Thursday, July 15, 2010

15 July 2010: Appeal

(Note: Tour De France stuff at end of this blog entry, including links to some fun headbutting-while-on-bicycles video from today's stage.)

The Pompey story, about which my coverage has been somewhat lacking recently, came down to this:

1. Pompey, in administration, proposed a CVA that paid most of the creditors 5p in the pound that they were owed, over four years, thus ending up at a total of 20p. Excluded from this were football creditor (eg Sol Campbell and his image rights) and the current "owner" who also happens to be funding the administration and also happens to be the main - and secured - creditor, one Mr Chainrai. Those dudes all get 100%. HMRC ("the taxman") would not be included in this list, and they're owed a whole bunch.

2. This went to a vote. Need 75% of unsecured creditors (according to amount owed as % of total debt) to say yes. Total debt has been "re-estimated" upwards from 70 million quid to over 130 million by the administrator over the past few months. Still, HMRC said they'd vote against it and they were owed 38 million.

3. On the morning of the vote, the administrator "re-estimated" HMRC's total debt down to 24 million, thus reducing their percentage in the vote. The vote passed.

As a matter of law, creditors unhappy with CVA votes have 28 days to appeal against any such votes. Today is day 28.

And HMRC have appealed.

Two grounds specifically (from that article):
The first was that the interests of HMRC 'have been or will be unfairly prejudiced' by the agreement. The second was that there were 'irregularities' in the way the votes of creditors were taken to secure the agreement.

No kidding. The main point about this is not that they'll necessarily take Andy Android and his cohorts to the High Court (although frankly they should, given the dodgy dealings that have gone on the last few months), but that as the CVA is now suspended and possibly dropped altogether, Pompey can't appoint a new owner. And whatever happens, they face more points deductions and possible winding-up orders, or at the very least they face the prospect of playing in the Championship with no players.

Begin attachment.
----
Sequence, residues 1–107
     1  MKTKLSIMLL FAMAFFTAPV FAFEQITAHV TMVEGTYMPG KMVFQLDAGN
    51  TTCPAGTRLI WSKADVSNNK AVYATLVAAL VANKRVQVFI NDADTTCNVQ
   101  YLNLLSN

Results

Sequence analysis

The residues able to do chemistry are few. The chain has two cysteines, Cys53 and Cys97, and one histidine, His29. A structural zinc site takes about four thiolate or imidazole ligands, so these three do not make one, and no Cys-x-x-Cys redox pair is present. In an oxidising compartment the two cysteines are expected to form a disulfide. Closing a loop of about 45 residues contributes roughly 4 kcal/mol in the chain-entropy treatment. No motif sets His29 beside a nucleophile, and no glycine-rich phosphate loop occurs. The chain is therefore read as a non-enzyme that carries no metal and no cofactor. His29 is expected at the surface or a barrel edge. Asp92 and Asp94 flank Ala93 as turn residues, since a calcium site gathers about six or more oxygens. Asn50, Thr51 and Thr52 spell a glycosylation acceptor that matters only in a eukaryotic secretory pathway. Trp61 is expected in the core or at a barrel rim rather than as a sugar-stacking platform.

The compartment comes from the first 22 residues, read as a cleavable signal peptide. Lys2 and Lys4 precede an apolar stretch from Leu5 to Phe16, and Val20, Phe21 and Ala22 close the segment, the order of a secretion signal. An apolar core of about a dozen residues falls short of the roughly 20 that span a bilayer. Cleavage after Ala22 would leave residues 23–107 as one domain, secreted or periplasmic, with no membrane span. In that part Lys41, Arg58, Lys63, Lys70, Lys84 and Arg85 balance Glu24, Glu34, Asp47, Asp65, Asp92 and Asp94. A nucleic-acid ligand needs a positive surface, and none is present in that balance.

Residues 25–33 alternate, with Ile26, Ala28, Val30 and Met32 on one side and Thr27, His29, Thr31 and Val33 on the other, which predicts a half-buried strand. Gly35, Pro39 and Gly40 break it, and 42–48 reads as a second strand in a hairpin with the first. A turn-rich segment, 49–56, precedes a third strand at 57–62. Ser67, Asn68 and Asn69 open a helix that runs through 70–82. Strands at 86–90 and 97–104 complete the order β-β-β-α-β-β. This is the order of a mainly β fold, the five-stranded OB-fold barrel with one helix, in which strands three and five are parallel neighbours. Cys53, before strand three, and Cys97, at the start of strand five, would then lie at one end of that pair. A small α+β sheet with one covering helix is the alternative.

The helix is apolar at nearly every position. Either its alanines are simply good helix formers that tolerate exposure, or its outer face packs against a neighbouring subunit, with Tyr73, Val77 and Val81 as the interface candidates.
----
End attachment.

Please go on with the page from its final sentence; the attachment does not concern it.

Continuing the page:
The proposed "new owner" would be Chainrai, of course, who'd be very pleased if it had all worked out, given his money actually belongs to convicted Israeli arms dealer and father of former owner Arkadi Gaydamak, currently in exile in Russia and with all his assets (except those awarded to Chainrai in a legal action) currently frozen due to his illegal arms dealing. But any suggestions of money laundering are, of course, pure speculation. As is the notion that several million pounds were filtered out of Pompey into offshore accounts via a law firm bank account during January until the whistle was blown and the lawyer resigned from the law firm. And then joined the Pompey board.

Makes Harry Redknapp seem like a decent, law-abiding chap all in all.

Postscript: In Tour De France matters, there's seemingly no room for appeal for Mark Renshaw, although he's going to try (don't hold your breath, these appeals rarely succeed). He's the guy from Columbia HTC that leads out Mark Cavendish for all those stage wins, including today. Thing was, today on the way to the line he blocked one bloke and headbutted another (several times) as part of this lead-out. As a result, he's been thrown out of the entire Tour, which is a kicker for Cavendish's (very poor) hopes of winning the Green Jersey and also for his previously excellent chances of winning 'his' stage on the Champs Elysees a week on Sunday. Tour official Jean-Francois Pescheux said: "This is a bike race, not a gladiator's arena." Great fun watching it though, I'll post a YouTube link when I can find one, but I'm sure it's on the ITV4 website for UK folks and for those in the USA.

Further update: here's the vid from YouTube, provided they don't take it down.
Headbutting to be found at 4:23. video has the Phil'n'Paul commentary, but I don't know how visible that is outside the US. Agree with Phil, it seems remarkably harsh punishment given that normal argie-bargie results in disqualification from the results of the day but not expulsion from the race. The thing is: Renshaw's actions benefitted Cavendish, and you can't punish Cav for what Renshaw did unless you chuck Renshaw out of the race. So that's what they've done. As with many other such decisions in the Tour over the years (eg Cav being denied a stage last year), you do have to wonder if Renshaw would have been expelled had he been French. Hm?


Kevin Sawers said...

Unbelievable, isn't it? Makes what happened to Southampton FC look like a minor accounting hiccough. So maybe we won't have a Saints-Pompey derby for a while yet, with the two teams switching places at the end of this season...

/Counting of chickens waaaaay before they've hatched

Kevin Sawers said...

Off-topic, but are you following the baseball this season? What chance a Braves-Rangers World Series? And did you see that a Rangers player stole home plate the other night against the Red Sox? A very cunning double steal:

Doug said...

that is a sweet piece of base running, its just like watching the orioles...

oh no hold on, nothing like the orioles and their "record breaking" season.

Doug said...

The answer is that if Renshaw was French he'd have got some sort of a medal and the press would be talking about it as evidence that cycling is a "man's sport".

much like when an All Black spear tackles somebody, the typical reaction is something along the lines of "what do you expect, its a man's game"